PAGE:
17 young osprey died in Cape May County following Tuesday’s violent thunderstorms

    A young osprey that remained in its nest during Tuesday's thunderstorms in Cape May County. (Photo: Ben Wurst)

    A young osprey that remained in its nest during Tuesday's thunderstorms in Cape May County. (Photo: Ben Wurst)

    An emergency survey conducted yesterday by a New Jersey wildlife organization revealed that 17 young ospreys were found dead near their nests in Cape May County following Tuesday’s violent thunderstorms. 

    According to the Conserve Wildlife Foundation of New Jersey’s Ben Wurst, a team surveyed 50 active nests scattered throughout the county.

    [Related: In Barnegat Bay’s Sedge Islands, ospreys reign]

    “We motored throughout pretty every ditch, creek and channel in the back bays of the area and visited as many nests as we could. We ended up surveying 50 active nests,” he wrote in a blog post, in which he stressed that “time is of the essence” for the young fish hawks during late June. 

    “Most young are usually around two to four weeks now. We found young that were anywhere from one week old to six weeks old,” Wurst wrote. “Adults do not feed young when they are on the ground so if any were still alive then I knew we had to find them as soon as possible.”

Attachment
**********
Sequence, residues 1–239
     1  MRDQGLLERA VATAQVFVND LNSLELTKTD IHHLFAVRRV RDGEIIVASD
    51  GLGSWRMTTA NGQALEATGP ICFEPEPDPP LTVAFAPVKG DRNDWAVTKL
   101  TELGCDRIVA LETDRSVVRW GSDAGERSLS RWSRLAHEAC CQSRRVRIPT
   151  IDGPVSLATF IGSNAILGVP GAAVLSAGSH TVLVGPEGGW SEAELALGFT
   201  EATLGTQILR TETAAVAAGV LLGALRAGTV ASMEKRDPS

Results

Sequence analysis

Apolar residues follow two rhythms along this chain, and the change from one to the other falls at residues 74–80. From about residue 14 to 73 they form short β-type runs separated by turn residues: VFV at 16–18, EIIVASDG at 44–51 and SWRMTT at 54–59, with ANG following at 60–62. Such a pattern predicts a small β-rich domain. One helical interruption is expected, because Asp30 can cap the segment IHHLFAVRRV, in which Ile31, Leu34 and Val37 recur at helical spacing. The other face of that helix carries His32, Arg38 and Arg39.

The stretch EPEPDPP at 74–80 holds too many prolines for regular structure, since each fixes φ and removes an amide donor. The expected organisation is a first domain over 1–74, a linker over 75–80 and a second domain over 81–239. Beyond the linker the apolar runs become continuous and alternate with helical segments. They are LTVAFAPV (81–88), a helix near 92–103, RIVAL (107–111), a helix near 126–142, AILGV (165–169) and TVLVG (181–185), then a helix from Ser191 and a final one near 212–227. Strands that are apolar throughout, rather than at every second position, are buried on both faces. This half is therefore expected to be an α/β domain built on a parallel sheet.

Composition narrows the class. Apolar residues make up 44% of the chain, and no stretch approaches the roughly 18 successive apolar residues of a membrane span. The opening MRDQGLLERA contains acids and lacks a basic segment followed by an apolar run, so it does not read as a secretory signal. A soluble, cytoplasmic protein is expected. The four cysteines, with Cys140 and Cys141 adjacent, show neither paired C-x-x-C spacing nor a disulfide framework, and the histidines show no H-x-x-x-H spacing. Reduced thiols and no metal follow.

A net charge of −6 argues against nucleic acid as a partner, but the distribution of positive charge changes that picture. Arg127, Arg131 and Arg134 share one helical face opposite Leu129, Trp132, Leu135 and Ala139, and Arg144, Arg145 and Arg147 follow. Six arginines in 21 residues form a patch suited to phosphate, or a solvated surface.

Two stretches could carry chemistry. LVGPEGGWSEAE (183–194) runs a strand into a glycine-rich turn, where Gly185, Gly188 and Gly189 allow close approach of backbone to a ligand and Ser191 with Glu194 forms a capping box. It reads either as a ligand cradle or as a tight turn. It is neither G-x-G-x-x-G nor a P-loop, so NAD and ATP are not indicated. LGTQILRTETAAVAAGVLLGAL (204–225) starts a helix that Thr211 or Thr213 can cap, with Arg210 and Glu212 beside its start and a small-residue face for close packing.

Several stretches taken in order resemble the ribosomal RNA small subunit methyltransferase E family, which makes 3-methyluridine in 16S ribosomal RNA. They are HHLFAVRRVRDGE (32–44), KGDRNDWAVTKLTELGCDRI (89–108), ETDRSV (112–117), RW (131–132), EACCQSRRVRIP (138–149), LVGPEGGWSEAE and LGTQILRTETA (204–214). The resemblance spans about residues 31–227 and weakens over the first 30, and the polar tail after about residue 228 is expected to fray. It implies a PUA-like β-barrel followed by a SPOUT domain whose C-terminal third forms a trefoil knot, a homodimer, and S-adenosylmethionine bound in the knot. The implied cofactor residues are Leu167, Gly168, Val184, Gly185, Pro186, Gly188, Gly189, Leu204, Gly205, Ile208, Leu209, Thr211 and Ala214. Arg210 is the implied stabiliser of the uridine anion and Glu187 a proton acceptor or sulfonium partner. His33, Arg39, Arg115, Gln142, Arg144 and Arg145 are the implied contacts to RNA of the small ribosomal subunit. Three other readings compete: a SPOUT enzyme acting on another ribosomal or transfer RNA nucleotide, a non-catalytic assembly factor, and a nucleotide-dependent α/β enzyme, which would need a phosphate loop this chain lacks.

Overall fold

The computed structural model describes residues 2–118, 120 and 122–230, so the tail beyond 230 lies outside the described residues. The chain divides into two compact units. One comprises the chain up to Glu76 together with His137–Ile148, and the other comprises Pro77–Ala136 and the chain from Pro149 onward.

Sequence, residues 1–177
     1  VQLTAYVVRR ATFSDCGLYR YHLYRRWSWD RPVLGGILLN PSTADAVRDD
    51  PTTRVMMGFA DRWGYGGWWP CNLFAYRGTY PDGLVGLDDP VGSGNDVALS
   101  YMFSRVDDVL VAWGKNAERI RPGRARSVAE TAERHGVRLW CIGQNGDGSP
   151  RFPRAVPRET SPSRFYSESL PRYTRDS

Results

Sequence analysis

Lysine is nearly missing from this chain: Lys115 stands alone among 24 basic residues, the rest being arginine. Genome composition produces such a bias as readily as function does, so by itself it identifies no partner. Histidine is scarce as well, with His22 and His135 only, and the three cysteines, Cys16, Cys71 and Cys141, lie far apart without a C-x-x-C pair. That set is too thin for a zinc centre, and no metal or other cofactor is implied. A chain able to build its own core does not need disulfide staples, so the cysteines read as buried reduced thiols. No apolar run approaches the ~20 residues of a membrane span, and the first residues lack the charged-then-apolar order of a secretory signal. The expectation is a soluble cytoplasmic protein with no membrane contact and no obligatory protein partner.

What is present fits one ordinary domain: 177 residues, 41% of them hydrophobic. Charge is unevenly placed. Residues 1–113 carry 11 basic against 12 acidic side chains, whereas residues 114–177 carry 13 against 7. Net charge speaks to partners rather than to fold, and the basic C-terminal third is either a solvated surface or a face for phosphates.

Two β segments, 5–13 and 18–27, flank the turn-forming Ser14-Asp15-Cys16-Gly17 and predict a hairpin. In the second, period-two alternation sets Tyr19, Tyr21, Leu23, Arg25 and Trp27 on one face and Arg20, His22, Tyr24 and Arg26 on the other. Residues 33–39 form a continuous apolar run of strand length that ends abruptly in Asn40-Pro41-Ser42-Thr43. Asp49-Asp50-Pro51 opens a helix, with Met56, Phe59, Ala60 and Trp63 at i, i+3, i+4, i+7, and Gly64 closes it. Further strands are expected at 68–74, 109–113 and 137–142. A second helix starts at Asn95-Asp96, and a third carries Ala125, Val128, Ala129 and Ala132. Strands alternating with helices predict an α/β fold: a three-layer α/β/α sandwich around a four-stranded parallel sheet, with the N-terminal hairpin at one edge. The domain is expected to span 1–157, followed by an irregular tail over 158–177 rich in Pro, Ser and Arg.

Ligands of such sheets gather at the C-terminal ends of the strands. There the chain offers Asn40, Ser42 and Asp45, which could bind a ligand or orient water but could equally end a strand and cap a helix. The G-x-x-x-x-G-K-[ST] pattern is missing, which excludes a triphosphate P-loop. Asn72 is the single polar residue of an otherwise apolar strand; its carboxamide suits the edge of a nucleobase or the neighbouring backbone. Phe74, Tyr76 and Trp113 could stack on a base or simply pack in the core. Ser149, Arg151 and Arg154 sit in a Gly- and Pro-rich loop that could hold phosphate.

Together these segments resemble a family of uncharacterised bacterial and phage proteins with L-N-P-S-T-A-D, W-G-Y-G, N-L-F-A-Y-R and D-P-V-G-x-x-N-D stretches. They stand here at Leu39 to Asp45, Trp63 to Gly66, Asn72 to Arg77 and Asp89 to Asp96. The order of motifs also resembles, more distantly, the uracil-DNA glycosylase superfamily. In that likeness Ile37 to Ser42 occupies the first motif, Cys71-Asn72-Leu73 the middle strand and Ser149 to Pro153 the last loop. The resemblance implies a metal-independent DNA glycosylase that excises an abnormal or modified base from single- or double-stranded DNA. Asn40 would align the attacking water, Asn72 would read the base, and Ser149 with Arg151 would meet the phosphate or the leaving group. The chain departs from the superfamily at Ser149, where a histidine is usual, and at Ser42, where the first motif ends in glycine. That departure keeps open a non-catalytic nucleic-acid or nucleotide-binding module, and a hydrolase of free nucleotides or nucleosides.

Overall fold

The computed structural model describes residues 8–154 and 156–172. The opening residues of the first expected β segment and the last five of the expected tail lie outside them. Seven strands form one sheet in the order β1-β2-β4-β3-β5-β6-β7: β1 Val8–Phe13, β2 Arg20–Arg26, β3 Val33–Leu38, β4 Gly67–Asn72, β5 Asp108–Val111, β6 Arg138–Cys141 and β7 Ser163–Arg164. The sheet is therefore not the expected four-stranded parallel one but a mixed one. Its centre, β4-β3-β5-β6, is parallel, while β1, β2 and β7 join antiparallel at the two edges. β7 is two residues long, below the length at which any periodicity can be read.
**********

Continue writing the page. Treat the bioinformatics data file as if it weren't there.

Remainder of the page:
The surveyors found that 15 nests sustained damage from the storm, which generated severe winds.

    “Three eggs fell to the ground when an entire platform broke apart. Some other nests were likely to have had young but there was no evidence of them at all (adults were still territorial and on the nest),” he wrote. “It is hard to tell what actually killed the young that fell to the ground. We know they did not starve or were eaten.”

    Wurst speculated that the severe weather, which also generated extreme downpours and flash flooding, likely caused the deaths on the ground.

    “Without the adults to care for them they are very vulnerable to weather,” he added.

    But there’s some good news.

    “On a positive note, one nestling was found alive!!” Wurst wrote. “It was placed back in its nest successfully. From all the nests that I checked most young did survive, 35 in total, so the damage was not too terrible.”

    Highlights of the 2015 Osprey Report, which provides the number of nesting pairs, active nests, and nest productivity for the raptors throughout New Jersey, include 534 active osprey nests (up from 420 in 2014) and nearly 600 pairs (up from 567 in 2014).

    “Ospreys are an important indicator of the health of our coastal ecosystems, so it is important to track the health of their population. Their continuing recovery is a very promising sign for our estuaries and the fish and other wildlife that depend on clean water to survive,” said CWF Executive Director David Wheeler.

    “Today, no visit to a coastal waterfront would be the same without the magnificent sighting of an osprey soaring above or crashing down to the water’s surface for a fish,” he said. 

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